How is it more profitable to leverage BCH rather than BTC?

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Today I encountered the above tweet in my Twitter notifications, which I think is something that people frequently ask themselves when considering "why would supporting BCH make sense for me, as opposed to BTC?"
I'm going to condense my rather long Twitter response, which spanned several followups, into a post here so it's easier to read.


A brief response to the "How is it more profitable" question

One thing to bear in mind that #BitcoinCash is trying to do what Bitcoin set out to do: be a peer to peer electronic CASH system. That means it fully intends to cater to small (and even micro) transactions on its chain.

Small payments - a breeze for p2p electronic cash...

People usually counter with "Bitcoin isn't meant for buying coffee", but that's not true according to its own inventor (Satoshi) who clearly described how small payments were a use case (readers are urged to look at the vending machine case described by Satoshi above and in [2, 3]).

So let's take a vending machine example. I might want to buy a chocolate bar or a can of lemonade. But hang on, as sender I have to pay the network fee for the transaction, unless the vendor pays it for me in some payment protocol dance.

Let's say the food item I want to acquire costs $2. Then I check what the network fee is. Today is a good day, relatively speaking, for BTC.

Comparison of BCH / BTC network fees - https://bitcoinfees.cash

On BCH, the median network fee is pretty reliably < $0.01.

So we see that someone would need to pay a network fee of ~$0.42 currently. If the vendor doesn't have to pay it, he doesn't have to make his product so much more expensive, and he will make more profit than other vendors who do. Customers will also balk at such a high fee.

Let's remind that the network fees on BTC are very often much higher than that [4], if you want to get a reliably confirmation anytime soon.

It makes no sense for any customer to pay a dollar network fee surcharge on a purchase of a good sold for $1. BTC immediately loses its appeal.

But there is an even bigger problem. Even if the customer is stranded in the desert, and the vending machine that sells the $2 bottle of water is his last hope for survival... if he is out of luck, the BTC network will be congested due to small block size, and he will be entering an unpredictable fee lottery in which he can only bid, in the style of a blind auction where he is not assured of having his transaction confirmed in a reasonable amount of time. The problem should be obvious. It is to merchants.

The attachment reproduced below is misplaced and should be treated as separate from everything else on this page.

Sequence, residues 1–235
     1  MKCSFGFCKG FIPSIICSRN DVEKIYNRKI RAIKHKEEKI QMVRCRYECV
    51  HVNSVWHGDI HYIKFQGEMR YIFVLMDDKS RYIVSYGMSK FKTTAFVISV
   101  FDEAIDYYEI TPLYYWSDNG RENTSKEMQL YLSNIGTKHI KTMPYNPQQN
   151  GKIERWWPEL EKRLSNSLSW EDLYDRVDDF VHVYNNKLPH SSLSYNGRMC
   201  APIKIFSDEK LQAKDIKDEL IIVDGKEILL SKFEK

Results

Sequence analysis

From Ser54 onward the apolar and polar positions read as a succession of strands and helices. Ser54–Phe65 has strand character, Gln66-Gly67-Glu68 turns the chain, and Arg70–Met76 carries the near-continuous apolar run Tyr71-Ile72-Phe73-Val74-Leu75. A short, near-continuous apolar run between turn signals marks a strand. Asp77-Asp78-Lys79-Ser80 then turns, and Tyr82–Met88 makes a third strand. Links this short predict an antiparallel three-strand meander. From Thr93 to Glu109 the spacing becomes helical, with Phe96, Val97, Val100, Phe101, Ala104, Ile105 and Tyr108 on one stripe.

In such a scenario (such as occurred e.g. in December 2017) the required fees to get a reasonable confirmation on BTC rise exponentially, until the fees even exceed the small amounts ("unspent outputs") that some people hold in their wallets, making their coins unspendable.

But even if they are spendable, the congestion makes payment confirmation too unpredictable and then BTC fails hard to be of any use as cash. While BCH, which strives to always keep spare network capacity, can assure quick processing and at a low fee, even to the point where merchants can have decent confidence that, if they take a few reasonable precautions, they can accept payment for small goods with zero confirmation [5], knowing that the payment will be soon accepted (if not in the next block, then the following one or such).

This is what enables high-volume electronic commerce - lots of transactions at high frequency - what Bitcoin was designed for. The queue at the vending machine stays small. Come, pay and depart as happy customer.

Link to Satoshi Nakamoto's Bitcoin whitepaper: [6]


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